It was spring and I was looking back over journal entries from the previous June. I found a note that I'd written to myself: "You like a full life but this month was bonkers. Don't do it again.".
Time has a way of dulling memory so while I had remembered that June of last year had been busy, I didn't fully recall the insanity. Apparently, I had the foresight to make myself a BIG note. I guess I know myself.
What happened last June? A lot of stuff. Kids finishing up lessons, dance and music recitals, exam studying and writing, the end of Q2 and the pressure to finish my projects, the busyness of all my teams preparing for summer holidays. When I let my mind drift back to the time, it's true, there were so many lovely moments but I was so busy, it was hard to enjoy them.
Socrates said "Beware the barrenness of a busy life" and I understand that to mean that I can be super busy, doing good and interesting things, filling my days with people and projects, and yet feel completely empty. What Socrates calls barrenness, I call empty, lonely, strung-out and awake at 3 o'clock in the morning.
So I took a hard look at my life. If there was too much, what could I give up? I'm 110% committed to anything that involves my kids, that goes without saying. I can see that the season of high involvement with my kids will be over sooner rather than later and I want to savour the years while I have them.
Work is important to me too. It's my outlet for creativity, productivity, self-discovery and yes, income.
I found something that I could do without. Golf. Last year, I was lucky enough to play with a group of three amazing women in a ladies golf league. We golfed about 10 times in the months of May-July, working out to it being almost every Tuesday in May and June. Each week, we'd meet up and golf nine holes then have supper together. It was fun and it was life-giving.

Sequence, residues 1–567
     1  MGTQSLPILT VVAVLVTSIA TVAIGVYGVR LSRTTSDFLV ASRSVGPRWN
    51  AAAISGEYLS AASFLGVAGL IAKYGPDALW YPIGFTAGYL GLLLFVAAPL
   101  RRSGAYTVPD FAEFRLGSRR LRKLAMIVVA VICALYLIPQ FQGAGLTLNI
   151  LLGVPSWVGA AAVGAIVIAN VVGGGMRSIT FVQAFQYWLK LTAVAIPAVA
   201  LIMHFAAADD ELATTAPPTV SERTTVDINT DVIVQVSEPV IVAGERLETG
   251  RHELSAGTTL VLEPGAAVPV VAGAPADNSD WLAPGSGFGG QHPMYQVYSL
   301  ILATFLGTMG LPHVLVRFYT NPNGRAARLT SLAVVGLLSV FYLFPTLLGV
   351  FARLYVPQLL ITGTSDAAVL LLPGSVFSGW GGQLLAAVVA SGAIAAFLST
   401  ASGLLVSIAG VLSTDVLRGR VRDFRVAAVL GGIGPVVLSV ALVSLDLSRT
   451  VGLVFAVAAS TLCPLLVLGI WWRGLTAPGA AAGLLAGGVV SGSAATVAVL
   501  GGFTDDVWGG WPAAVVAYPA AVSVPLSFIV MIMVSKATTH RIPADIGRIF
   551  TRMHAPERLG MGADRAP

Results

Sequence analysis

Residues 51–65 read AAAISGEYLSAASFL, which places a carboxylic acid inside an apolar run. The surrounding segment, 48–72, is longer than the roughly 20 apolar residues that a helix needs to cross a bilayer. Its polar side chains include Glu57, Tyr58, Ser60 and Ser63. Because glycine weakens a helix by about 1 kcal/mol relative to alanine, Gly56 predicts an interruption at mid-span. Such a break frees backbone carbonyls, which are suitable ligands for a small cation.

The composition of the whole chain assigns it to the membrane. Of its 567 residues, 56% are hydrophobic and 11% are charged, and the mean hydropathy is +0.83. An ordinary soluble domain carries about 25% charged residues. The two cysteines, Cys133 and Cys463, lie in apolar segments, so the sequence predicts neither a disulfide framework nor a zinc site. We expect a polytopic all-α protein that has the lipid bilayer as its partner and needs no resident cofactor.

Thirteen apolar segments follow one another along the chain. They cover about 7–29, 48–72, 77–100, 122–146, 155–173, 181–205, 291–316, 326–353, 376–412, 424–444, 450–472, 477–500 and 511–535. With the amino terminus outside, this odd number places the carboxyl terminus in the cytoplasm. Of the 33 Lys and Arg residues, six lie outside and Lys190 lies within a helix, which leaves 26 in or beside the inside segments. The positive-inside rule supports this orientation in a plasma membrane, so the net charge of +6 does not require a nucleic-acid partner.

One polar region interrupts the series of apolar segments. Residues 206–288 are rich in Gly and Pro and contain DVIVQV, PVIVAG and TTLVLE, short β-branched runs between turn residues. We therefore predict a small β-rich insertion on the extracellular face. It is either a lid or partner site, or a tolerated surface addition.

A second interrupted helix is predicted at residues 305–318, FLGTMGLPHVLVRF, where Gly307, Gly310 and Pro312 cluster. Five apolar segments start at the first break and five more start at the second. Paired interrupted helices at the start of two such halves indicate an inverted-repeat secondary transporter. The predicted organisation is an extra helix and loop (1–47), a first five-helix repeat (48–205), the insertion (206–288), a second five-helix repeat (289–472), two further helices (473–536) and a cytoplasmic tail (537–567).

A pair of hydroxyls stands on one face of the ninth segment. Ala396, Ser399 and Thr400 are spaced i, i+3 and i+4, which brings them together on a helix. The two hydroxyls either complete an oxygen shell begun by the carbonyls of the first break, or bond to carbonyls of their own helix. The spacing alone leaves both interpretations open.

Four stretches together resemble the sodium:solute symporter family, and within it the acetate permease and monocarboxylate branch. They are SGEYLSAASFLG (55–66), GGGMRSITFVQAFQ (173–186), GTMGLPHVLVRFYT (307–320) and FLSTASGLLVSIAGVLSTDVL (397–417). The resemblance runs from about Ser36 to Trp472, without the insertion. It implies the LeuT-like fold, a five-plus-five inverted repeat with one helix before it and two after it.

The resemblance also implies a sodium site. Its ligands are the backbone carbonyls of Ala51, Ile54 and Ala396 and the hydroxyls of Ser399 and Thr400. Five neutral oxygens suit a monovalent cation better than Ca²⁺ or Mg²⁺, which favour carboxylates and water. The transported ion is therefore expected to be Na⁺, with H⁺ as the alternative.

Until it wasn't. When I was honest with myself, I was shoehorning those Tuesdays into my very full life. I'd arrive at golf breathless and rushed, having torn myself away from the office. I'd scarf down a bag of chips just for the calories. And then out onto the course we'd go.
I loved getting together with those friends. But I didn't love the extra stress that weekly golf added to my life.
I have always liked the idea that I could have it all - work, family, friends, hobbies. But there are only 24 hours in a day. I can't do anything to change that.
So I decided to quit golf. Or rather, take a break from golf. I still love golf but I've decided that there will be time later in life to enjoy it.
I've long been a proponent of the concepts of Essentialism, a philosophy that Greg McKeown writes about in his book Essentialism, The Disciplined Pursuit of Less. McKeown writes:
"The way of the Essentialist rejects the idea that we can fit it all in. Instead, it requires us to grapple with real trade-offs and make tough decisions. In many cases, we can learn to make one-time decisions that make a thousand future decisions so we don’t exhaust ourselves asking the same questions again and again."
On the author's personal website, the book is summarized in this way:
"The Way of the Essentialist isn’t about getting more done in less time. It’s not about getting less done. It’s about getting only the right things done. It’s about challenging the core assumption of ‘we can have it all’ and ‘I have to do everything’ and replacing it with the pursuit of ‘the right thing, in the right way, at the right time’. It’s about regaining control of our own choices about where to spend our time and energies instead of giving others implicit permission to choose for us.
In Essentialism, Greg McKeown draws on experience and insight from working with the leaders of the most innovative companies in the world to show how to achieve the disciplined pursuit of less.
By applying a more selective criteria for what is essential, the pursuit of less allows us to regain control of our own choices so we can channel our time, energy and effort into making the highest possible contribution toward the goals and activities that matter." Source: GregMcKeown.com
It felt the right time to quit golfing. Or rather, take a hiatus. I'm keeping my future options open.
The spouse of one of my golfing buddies asked me the other day if I missed golf. My answer was a confident No. But I miss the friends, I told him. So something that I realize now is that I need to make time for the friends. The golf can wait until the kids are out of the house and I have more time for leisure activities. Until then, friends remain one my priorities. So are kids, spouse, church, extended family and work. But not golf. I'm on hiatus and I'm happy about it.
What about you? What do you need to quit? What used to be life-giving but isn’t anymore? What would you feel relieved to quit, if you gave yourself permission?
You may also enjoy reading this post about how a customer challenged me to use my business to make a greater positive impact on the environment or this post about how in a job early on in my career, I couldn't keep facts straight and I realized that I was totally disinterested in the industry. I ended up taking a chance, quitting that job and going onto something I completely loved.